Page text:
Cause & Effect: Michael Mann directs The Insider
by David Geffner | Photos by Frank Connor | Directors Guild of America Magazine (November 1999)
Recently, the Department of Justice announced it was proceeding with a civil lawsuit against “big tobacco” on behalf of U.S. taxpayers. One can easily argue that certain portions of the Justice Department suit, which will number into the billions of dollars, are a direct outgrowth of the true-to-life events portrayed in director Michael Mann’s latest film, The Insider, the story of Brown & Williamson research-scientist-turned-whistleblower Jeffrey Wigand, and his appearance on 60 Minutes. It is an extremely intelligent, politically complex that is eerily on target with events which continue to dominate American headlines.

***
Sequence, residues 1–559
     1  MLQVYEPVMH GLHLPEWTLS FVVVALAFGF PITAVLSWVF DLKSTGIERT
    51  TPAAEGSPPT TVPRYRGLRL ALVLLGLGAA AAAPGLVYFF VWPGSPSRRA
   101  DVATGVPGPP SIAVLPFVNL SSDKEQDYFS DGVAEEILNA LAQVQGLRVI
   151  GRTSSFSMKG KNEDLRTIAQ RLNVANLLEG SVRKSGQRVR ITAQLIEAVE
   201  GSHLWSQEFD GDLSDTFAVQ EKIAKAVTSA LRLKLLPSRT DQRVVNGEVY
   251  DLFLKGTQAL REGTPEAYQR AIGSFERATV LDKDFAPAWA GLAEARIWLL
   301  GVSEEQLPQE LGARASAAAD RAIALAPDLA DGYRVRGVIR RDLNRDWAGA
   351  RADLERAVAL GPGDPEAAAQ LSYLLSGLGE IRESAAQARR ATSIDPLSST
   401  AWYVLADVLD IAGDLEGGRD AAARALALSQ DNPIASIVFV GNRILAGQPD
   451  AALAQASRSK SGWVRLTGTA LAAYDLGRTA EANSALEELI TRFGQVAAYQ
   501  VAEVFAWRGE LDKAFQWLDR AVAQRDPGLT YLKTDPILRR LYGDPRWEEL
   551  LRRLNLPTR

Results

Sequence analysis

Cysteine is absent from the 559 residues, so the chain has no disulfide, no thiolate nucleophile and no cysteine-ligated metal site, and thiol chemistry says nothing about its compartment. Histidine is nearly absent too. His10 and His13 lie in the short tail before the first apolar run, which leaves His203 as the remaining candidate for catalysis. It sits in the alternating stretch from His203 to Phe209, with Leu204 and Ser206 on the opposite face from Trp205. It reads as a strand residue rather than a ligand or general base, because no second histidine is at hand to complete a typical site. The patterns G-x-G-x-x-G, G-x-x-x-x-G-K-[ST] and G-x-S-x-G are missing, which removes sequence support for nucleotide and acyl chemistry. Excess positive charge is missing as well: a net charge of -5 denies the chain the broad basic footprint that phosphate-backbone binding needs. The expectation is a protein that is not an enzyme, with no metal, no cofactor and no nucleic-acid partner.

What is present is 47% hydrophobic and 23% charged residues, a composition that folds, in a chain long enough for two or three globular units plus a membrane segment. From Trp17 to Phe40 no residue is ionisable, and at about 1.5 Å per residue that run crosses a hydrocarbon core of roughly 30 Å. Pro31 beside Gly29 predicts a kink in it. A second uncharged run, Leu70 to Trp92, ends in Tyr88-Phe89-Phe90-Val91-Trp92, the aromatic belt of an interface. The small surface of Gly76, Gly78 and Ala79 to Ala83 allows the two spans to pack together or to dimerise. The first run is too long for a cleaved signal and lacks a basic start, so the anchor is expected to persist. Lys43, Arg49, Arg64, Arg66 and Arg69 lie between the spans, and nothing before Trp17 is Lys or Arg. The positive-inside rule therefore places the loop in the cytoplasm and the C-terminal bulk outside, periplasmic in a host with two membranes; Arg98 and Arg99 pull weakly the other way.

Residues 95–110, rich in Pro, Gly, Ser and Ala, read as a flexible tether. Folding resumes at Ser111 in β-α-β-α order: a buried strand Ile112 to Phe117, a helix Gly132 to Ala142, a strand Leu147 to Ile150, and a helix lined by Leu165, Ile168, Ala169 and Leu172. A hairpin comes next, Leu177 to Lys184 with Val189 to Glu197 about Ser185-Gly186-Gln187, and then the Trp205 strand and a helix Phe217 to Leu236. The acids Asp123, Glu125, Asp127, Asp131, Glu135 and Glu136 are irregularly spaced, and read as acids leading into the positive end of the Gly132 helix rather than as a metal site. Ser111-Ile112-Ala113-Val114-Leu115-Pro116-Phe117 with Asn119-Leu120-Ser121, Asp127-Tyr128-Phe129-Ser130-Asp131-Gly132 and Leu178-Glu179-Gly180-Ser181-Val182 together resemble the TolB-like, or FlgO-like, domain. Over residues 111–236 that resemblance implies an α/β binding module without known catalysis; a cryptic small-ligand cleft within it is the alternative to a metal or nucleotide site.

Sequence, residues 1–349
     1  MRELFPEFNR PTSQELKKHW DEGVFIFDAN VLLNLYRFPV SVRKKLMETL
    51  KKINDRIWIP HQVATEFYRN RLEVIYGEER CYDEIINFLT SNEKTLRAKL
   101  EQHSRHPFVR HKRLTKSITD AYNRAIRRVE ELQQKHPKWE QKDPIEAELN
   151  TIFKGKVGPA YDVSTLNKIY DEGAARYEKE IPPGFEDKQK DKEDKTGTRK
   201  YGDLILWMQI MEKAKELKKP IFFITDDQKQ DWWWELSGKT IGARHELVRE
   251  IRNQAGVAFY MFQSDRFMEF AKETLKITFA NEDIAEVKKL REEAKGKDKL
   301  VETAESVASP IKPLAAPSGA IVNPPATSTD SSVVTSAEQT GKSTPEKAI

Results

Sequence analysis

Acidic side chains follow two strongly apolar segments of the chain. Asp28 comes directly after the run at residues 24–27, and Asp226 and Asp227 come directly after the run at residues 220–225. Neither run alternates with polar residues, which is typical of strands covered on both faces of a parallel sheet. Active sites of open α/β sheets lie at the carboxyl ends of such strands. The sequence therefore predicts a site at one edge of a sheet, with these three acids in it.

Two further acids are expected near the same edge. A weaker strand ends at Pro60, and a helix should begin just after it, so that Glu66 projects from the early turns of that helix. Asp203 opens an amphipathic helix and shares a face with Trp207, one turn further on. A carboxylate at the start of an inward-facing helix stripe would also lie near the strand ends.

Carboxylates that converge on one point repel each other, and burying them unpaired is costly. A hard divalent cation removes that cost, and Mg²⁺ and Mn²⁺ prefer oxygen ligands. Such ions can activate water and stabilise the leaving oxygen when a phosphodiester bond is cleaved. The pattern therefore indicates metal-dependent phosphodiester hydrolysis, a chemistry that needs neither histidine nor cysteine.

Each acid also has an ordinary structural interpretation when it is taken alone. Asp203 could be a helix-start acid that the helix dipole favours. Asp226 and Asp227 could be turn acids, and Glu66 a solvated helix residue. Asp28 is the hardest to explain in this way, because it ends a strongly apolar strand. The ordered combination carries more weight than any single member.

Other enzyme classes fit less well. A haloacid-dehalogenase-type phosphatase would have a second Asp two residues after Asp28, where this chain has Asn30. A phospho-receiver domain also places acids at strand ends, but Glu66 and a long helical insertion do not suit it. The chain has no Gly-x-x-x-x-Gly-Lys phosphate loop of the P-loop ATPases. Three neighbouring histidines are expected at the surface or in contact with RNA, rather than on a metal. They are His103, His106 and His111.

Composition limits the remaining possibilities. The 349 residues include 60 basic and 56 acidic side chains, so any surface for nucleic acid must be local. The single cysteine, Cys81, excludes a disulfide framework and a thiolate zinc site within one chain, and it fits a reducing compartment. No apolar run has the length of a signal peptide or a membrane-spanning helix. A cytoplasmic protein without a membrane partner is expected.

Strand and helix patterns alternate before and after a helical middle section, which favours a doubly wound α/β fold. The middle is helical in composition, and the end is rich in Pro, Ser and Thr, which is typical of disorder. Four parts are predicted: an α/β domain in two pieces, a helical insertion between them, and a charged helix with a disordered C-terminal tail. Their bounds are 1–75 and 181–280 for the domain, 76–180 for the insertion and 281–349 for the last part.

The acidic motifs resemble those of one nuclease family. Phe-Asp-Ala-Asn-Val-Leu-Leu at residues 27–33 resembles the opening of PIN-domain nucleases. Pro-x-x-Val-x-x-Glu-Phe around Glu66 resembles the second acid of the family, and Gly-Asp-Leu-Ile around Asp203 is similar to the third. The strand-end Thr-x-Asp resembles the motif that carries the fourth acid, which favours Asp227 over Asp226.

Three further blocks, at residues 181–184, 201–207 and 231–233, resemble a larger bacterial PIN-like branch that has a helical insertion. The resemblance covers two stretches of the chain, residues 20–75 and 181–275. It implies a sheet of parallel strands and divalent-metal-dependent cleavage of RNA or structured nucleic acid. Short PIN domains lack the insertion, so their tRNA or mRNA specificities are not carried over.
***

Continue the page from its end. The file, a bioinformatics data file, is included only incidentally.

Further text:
Is it a surprise that Mann, the creator of Miami Vice and a director who anticipated the style-obsessed MTV-type filmmaking by nearly a decade, should turn out such meaty work? Hardly. The Insider still has all the director’s personalized trademarks: a moody electronic score, lush atmospheric cinematography, and edgy camera compositions to spare. Much like his last two efforts, Heat and Last of the Mohicans, Mann is once again concerned with flawed men and the larger forces at play which shape their lives.
With Mann’s own efforts within the DGA, serving on the Western Director’s Council and exploring such issues as creative rights and violence in popular entertainment and its potential impact on society, it’s tempting to draw a comparison to The Insider’s heavy-hearted TV producer, Lowell Bergman, and his efforts to block the political juggernaut that enveloped CBS News. But, as I found out in this spirited exchange with Mann from his office on the Fox lot, his sleek and deliberate films — less than a dozen in 20 years — are not complx morality plays — just really great stories.
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